SSTS FAQs

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  • Contact a state-licensed septic system designer to determine the appropriate system size and location for your property.
  • After working with you, the designer will submit a design to Pope County Land and Resource Management for review.
  • Once a design has been received and reviewed a Sewage Treatment System Permit Application may be completed and brought in to the Pope County Land & Resource Management office to finish the application.
  • The Pope County Land and Resource Management Director will then review the application and pending approval, you will receive your permit in the mail.
  • It is required that the owner or contractor contact Pope County Land and Resource Management for a Septic System Inspection 24 hours prior to covering the system.
  • Once the inspection is approved, a certificate of compliance will be issued.
  • A compliance inspection is used to determine if a septic system meets local and state requirements.
  • The inspection must be conducted by a state-licensed inspector.
  • The inspector looks at the septic tank(s) to determine if they are watertight.
  • The inspector reviews the drainfield to ensure it has the minimum required vertical separation between the bottom of the drainfield and the periodically saturated soil or bedrock.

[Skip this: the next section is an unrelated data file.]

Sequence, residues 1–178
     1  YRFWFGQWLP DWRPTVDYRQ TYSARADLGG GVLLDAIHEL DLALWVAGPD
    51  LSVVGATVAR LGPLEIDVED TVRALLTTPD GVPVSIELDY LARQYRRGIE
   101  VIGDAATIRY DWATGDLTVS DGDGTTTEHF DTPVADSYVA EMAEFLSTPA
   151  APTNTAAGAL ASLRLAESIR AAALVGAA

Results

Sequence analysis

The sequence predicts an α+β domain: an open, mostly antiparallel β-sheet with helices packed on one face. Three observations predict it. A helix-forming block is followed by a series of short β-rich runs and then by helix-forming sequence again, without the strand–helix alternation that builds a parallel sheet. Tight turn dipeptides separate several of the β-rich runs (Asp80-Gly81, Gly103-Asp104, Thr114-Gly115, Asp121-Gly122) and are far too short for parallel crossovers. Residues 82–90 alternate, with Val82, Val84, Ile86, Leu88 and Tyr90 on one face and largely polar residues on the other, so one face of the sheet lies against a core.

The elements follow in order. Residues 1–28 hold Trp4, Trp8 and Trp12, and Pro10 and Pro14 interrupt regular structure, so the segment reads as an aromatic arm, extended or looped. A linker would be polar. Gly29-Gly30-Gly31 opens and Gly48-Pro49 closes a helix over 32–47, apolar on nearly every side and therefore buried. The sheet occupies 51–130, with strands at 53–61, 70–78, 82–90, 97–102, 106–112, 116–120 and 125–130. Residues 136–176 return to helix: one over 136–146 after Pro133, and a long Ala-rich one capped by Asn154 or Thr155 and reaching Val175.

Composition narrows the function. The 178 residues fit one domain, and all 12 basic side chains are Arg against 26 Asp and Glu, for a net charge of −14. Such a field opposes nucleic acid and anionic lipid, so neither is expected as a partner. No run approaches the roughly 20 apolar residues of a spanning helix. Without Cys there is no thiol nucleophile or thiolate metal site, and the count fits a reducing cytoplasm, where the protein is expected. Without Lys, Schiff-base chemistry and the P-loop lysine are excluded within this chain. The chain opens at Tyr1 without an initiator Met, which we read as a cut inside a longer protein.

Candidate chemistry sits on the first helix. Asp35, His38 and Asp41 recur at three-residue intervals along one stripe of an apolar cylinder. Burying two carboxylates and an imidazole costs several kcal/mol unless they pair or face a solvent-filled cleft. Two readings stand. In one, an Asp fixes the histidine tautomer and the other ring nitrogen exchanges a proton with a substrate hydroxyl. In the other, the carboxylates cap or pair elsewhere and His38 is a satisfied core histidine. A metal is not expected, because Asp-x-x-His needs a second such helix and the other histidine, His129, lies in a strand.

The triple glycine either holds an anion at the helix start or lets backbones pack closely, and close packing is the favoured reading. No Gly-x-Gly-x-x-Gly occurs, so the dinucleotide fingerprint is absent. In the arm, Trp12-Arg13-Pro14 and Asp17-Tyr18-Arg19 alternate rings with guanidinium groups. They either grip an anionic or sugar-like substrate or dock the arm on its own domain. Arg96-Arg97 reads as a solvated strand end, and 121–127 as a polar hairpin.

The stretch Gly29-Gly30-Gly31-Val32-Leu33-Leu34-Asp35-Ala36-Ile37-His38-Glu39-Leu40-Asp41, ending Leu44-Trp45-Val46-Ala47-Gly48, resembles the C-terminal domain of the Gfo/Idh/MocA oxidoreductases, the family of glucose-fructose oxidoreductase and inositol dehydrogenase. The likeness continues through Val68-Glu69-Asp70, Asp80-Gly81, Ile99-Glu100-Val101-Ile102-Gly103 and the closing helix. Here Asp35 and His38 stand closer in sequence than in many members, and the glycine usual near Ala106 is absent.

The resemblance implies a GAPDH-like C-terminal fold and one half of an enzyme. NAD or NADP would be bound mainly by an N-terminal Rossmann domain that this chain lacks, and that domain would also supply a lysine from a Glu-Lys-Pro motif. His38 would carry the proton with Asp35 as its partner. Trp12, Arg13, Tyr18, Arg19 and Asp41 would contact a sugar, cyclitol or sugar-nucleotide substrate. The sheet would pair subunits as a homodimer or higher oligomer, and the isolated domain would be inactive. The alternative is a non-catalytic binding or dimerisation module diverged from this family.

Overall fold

• Additionally, the inspector checks to see if the system is functioning properly overall.
  • If the inspection passes, a certificate of compliance is issued.
  • Often times we hear of systems “working” or that homeowners have never had a problem with the system despite the fact that an inspector just failed it.
  • A septic system is not only considered failing if it is discharging to the ground surface or backing up into the dwelling, but it can also be failing if the bottom of the drainfield has less than the required vertical separation distance from the water table or any other restricting layer.
  • It is important to remember that properly maintaining your septic system will help optimize the lifespan and performance of the system which is both environmentally and financially beneficial.
  • For more information regarding your septic system and its management requirements go to: University of Minnesota: Understanding Your Septic System.